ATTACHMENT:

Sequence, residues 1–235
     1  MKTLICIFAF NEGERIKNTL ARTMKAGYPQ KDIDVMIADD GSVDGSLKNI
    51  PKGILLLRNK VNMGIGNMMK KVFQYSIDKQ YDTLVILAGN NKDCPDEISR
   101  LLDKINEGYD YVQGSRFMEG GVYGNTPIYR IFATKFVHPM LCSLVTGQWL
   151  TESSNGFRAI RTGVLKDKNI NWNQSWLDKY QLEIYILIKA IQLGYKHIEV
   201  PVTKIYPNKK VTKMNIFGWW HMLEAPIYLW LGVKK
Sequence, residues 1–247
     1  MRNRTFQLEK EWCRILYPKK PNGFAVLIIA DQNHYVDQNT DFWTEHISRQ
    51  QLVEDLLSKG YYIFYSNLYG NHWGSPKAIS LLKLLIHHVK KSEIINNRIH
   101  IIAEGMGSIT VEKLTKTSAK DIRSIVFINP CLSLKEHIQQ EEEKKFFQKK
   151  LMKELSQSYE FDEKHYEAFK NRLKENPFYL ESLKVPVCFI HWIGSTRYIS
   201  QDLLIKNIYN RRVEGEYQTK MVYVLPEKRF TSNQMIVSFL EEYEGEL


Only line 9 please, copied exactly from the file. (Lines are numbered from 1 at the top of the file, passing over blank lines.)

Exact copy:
    51  QLVEDLLSKG YYIFYSNLYG NHWGSPKAIS LLKLLIHHVK KSEIINNRIH